As the show goes on, the producers continue to manipulate the market through demand and supply shocks to throw the market away from equilibrium. The way they do is through manipulating the demand and supply. You have these 5 couple in equilibrium, and suddenly a new girl arrives in the villa. This increases demand for the men and excess supply of women — reminder, this show is largely some heterosexual bullshit, and the girl are now the suppliers because they are competing for limited buyers. The market will not reach equilibrium again until a recoupling ceremony arrives and boys make their choice, sending the excess supply to dreary hometowns and into a life of teeth whitening promotions.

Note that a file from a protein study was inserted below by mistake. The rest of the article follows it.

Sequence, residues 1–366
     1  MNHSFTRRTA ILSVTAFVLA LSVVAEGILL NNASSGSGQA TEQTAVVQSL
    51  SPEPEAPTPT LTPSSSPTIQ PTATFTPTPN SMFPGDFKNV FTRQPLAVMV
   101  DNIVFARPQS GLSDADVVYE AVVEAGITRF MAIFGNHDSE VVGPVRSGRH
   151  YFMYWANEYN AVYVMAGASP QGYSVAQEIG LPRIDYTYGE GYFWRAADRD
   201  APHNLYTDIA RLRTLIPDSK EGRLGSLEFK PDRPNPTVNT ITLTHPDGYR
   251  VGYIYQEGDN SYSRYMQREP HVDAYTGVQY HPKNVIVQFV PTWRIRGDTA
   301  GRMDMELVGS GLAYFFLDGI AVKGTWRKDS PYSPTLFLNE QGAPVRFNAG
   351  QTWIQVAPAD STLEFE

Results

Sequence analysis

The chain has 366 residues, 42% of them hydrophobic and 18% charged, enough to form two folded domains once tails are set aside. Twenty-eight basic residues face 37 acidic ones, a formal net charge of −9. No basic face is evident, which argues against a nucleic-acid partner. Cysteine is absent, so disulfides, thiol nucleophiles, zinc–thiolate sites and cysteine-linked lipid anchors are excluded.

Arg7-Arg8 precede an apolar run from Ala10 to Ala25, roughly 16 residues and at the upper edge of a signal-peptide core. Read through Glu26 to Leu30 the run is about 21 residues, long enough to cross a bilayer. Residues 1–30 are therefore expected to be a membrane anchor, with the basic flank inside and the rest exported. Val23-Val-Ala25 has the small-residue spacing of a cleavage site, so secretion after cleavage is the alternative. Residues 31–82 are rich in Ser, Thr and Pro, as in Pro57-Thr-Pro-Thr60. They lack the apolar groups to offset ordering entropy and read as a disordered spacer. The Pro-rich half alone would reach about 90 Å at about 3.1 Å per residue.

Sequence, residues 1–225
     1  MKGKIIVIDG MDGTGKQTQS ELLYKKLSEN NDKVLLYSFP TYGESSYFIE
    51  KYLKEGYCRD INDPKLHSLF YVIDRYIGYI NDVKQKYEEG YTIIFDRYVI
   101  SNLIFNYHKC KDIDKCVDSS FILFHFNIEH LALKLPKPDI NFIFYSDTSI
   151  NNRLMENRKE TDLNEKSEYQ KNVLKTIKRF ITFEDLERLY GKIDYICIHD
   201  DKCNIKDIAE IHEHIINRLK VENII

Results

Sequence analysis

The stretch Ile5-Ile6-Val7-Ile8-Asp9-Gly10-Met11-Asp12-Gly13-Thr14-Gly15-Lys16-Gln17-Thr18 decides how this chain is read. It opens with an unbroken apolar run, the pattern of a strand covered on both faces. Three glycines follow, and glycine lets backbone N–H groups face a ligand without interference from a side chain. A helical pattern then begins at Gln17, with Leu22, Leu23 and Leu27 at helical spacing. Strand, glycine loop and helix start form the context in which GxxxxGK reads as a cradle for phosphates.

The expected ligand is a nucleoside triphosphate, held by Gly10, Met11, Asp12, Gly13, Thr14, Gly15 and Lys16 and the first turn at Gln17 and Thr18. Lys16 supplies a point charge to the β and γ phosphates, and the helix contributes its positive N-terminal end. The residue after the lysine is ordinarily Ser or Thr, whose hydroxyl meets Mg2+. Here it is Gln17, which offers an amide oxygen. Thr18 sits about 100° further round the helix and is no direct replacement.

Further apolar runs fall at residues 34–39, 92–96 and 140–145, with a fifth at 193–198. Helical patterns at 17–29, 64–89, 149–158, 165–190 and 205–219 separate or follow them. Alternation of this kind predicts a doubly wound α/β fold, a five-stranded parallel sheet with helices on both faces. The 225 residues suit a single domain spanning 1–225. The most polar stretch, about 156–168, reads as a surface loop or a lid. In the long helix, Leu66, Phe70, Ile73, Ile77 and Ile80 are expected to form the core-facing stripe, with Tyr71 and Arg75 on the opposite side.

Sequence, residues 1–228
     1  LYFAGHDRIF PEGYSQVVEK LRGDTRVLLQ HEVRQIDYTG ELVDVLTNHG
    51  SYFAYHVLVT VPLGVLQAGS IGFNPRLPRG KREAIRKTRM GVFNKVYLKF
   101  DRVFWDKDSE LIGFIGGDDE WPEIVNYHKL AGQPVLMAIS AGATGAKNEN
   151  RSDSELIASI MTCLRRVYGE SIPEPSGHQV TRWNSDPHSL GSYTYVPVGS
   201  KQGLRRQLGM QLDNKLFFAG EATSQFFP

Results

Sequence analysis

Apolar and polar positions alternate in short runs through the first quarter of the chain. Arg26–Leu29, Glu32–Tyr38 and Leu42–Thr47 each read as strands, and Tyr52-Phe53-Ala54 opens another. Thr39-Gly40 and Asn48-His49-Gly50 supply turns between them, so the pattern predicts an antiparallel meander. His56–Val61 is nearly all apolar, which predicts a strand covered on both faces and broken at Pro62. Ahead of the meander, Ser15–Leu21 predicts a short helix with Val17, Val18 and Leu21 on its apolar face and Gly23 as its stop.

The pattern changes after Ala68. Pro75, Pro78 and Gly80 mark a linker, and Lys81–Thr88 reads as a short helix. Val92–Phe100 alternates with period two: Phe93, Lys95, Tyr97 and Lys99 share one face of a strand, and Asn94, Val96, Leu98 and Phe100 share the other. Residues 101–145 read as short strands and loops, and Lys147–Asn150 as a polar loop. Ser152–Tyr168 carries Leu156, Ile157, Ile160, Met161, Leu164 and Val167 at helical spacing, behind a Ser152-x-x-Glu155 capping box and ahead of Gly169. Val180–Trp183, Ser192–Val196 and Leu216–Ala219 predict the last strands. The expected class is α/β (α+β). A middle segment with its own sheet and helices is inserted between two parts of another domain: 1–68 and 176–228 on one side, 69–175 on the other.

This isn’t the sole change to the market; the remainder predominantly come from the islanders themselves. You many be familiar with the idiom ‘dating is gathering information until you realise you don’t like that person’ — this is where imperfect information comes into play. As time progresses, in the villa, the amount of information islanders gather on each other increases. This normally results in turning of heads, or the confirmation of a stable equilibrium. This, in turn, converts the market away from a monopolistic competition as the goods become progressively less homogeneous. Rather than abs and ass, personality becomes an element to buyers and sellers, and product differentiation greatly increases.